The Sunday Circle: 11.26.17

Trying to keep it brief this week so I do it on time(ish)!

To find out more about the Sunday Circle, check out Peter M. Ball’s blog, Man Vs. Bear.

This week, I’m working on: Summary Draft! I got through the questions that needed thinking on (to a mostly satisfactory degree), so after plugging those into my notebook, I’ll be plunging ahead with the summary draft of the rewrite. I’m going to try to put in an hour a weekday working on the summary draft and see where that gets me by end of Friday. That should give me a better idea of how fast (or slow) this quick draft will take.

This week, I’ve been inspired by: More last week than this week, but Season 16 of Project Runway just wrapped up, and this season more than any other has made me think about creative confidence, aesthetic comfort, and what it means to push oneself creatively. All four of the final contestants were very unique designers, and their method of approaching their final shows were very different. It really drove home the balance between aesthetic/thematic vision and confidence in one’s ability to create (and how that confidence works with or is undermined by (both good and bad) criticism). One of the finalists had a really concrete grip on his aesthetic vision, but was so confident (and had gotten very little criticism) that he didn’t really push himself outside his usual (and somewhat surface/detail-oriented) comfort zone. One was a train wreck of lack of confidence, heavily impressed-upon by negative criticism, until she put confidence in the aesthetic she liked most, and then found confidence in herself through exploring that and ignoring criticism, which served her very well. Another had a very clear thematic vision, and confidence that she had a point of view that needed to be shared, and yet also felt the push to always go further, to apply whatever criticism she received in the way that truly spoke to her (even if it counteracted judging criticisms), and in that way, grew and strengthened her work. (The thematic rather than totally aesthetic vision seemed to help, too: thematic allowed her to reinterpret challenges and diversify her own work, without losing the core of her vision. The designer with the clear aesthetic vision knew what he liked in terms of details and silhouette, but struggled to get outside of that specific style.) The last was confident, then destroyed by negative criticism, and instead of just giving up, he allowed his lack of confidence in his ability to win to drive him to do exactly what he wanted to aesthetically without fear of “not winning” (since he took that as a guarantee), and that ease and joy in his work not only showed in the final products, but also took the pressure off of him and allowed him to take risks he might otherwise have tried to reign in to please the judges. It was a very interesting viewing experience.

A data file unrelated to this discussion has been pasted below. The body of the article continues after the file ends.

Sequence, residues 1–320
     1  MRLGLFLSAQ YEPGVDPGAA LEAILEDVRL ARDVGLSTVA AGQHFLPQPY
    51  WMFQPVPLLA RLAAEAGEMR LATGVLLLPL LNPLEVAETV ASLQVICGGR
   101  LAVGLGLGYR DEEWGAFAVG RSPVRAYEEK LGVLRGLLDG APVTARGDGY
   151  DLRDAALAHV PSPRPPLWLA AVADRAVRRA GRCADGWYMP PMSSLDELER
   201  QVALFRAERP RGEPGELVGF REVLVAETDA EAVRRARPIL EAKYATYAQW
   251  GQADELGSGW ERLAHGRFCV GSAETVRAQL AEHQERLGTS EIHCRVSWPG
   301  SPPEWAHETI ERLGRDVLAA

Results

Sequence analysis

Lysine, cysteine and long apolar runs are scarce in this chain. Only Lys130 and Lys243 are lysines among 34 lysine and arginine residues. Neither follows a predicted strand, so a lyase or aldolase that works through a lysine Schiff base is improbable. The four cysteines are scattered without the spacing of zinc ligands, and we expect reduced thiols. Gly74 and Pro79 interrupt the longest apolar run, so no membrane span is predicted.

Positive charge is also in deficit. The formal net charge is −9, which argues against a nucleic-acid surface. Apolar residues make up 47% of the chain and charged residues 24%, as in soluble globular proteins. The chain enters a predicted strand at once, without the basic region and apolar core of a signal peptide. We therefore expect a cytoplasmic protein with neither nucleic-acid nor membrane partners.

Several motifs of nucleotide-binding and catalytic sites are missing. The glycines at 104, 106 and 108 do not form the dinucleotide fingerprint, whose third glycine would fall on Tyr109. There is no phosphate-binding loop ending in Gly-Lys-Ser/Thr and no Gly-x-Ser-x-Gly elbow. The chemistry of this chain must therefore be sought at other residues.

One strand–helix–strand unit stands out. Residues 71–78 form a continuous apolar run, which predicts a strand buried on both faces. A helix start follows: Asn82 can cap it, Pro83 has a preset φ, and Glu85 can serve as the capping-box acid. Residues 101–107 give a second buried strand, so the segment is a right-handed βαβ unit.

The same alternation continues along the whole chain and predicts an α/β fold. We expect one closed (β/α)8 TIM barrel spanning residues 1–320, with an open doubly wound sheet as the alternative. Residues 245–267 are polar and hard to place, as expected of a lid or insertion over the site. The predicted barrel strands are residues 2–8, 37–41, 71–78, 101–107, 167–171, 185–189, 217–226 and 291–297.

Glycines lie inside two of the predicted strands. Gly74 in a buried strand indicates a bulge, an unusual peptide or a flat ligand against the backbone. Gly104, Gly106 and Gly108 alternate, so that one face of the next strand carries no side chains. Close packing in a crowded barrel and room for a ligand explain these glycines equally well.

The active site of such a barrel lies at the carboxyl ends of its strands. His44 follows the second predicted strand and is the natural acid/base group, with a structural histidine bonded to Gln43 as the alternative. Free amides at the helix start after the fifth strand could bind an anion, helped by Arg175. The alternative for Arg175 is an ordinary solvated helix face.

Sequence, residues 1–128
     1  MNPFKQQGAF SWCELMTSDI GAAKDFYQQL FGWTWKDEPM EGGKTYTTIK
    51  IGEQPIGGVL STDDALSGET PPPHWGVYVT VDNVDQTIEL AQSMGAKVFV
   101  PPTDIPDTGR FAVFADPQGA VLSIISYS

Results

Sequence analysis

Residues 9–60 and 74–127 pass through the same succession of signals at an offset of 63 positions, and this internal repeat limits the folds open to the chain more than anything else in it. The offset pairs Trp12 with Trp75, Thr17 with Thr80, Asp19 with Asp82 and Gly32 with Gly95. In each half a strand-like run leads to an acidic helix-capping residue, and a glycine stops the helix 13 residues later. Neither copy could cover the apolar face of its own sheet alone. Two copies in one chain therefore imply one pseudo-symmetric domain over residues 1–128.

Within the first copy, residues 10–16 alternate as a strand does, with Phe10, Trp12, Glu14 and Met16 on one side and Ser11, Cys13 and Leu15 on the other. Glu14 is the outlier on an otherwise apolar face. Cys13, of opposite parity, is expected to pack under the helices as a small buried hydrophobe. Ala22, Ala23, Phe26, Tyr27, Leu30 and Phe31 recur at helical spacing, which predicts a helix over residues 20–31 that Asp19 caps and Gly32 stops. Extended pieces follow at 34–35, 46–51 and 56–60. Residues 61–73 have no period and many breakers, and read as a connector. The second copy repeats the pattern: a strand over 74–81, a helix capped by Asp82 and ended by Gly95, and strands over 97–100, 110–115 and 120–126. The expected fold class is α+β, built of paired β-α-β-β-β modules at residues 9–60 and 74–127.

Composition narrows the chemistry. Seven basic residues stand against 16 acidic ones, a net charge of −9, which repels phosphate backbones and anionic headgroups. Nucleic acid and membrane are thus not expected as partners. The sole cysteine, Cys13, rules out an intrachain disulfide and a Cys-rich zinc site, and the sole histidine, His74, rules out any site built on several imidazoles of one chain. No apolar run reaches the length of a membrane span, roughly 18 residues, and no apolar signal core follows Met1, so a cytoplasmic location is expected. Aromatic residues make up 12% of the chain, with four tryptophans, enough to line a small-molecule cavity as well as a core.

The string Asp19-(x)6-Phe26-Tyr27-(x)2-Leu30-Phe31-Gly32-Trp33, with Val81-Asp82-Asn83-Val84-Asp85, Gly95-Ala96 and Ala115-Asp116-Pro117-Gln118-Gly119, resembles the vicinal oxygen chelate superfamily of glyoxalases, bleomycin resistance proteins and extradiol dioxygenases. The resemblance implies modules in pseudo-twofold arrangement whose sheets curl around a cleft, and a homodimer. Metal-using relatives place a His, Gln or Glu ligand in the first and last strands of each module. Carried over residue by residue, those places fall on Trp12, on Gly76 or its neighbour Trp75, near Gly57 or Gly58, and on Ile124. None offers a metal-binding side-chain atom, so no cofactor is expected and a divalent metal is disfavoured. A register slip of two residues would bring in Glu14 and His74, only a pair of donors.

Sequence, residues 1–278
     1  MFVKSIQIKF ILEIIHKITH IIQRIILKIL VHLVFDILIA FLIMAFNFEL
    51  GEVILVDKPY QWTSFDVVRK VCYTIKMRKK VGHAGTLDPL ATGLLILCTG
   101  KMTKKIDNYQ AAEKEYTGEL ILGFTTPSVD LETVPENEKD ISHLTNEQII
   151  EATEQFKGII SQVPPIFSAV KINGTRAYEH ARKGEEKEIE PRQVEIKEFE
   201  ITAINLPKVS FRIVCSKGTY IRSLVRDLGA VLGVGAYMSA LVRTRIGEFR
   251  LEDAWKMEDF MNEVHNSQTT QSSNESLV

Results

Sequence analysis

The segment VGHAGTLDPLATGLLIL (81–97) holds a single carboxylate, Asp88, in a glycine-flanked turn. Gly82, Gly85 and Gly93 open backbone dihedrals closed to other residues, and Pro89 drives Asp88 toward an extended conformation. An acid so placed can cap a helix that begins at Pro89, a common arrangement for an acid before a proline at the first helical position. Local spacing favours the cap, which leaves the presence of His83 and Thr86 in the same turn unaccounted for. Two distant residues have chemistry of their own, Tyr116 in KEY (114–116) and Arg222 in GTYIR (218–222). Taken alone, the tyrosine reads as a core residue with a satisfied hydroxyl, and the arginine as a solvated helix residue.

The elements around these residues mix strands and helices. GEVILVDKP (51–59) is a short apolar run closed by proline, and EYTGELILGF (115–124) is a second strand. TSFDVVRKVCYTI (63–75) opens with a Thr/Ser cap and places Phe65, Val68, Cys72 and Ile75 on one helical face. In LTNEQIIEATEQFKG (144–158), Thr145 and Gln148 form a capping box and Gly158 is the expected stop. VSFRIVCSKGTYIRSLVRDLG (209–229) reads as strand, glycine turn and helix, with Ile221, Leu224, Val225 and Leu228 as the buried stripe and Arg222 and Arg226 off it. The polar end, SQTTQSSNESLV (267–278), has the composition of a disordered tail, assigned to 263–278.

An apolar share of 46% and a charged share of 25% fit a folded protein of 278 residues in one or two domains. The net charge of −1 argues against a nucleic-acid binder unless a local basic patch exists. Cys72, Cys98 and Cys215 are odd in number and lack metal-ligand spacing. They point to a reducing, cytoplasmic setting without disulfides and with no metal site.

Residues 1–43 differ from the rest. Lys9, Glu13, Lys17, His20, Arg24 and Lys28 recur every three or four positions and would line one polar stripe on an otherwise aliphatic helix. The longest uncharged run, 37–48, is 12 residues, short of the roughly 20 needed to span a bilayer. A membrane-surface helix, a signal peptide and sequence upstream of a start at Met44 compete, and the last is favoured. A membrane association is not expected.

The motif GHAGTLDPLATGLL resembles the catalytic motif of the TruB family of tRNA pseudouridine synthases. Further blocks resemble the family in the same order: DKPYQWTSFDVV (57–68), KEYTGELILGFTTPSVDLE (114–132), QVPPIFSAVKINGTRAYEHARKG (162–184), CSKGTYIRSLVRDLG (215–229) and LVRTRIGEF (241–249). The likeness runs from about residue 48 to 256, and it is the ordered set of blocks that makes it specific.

Also just started Poldark which I think is my new go-to show.

What action do I need to take this week? I need to commit to a regular work schedule, since I’m getting back to prose-words rather than purely thinking. An hour a day is do-able, but still plenty challenging to fit in.

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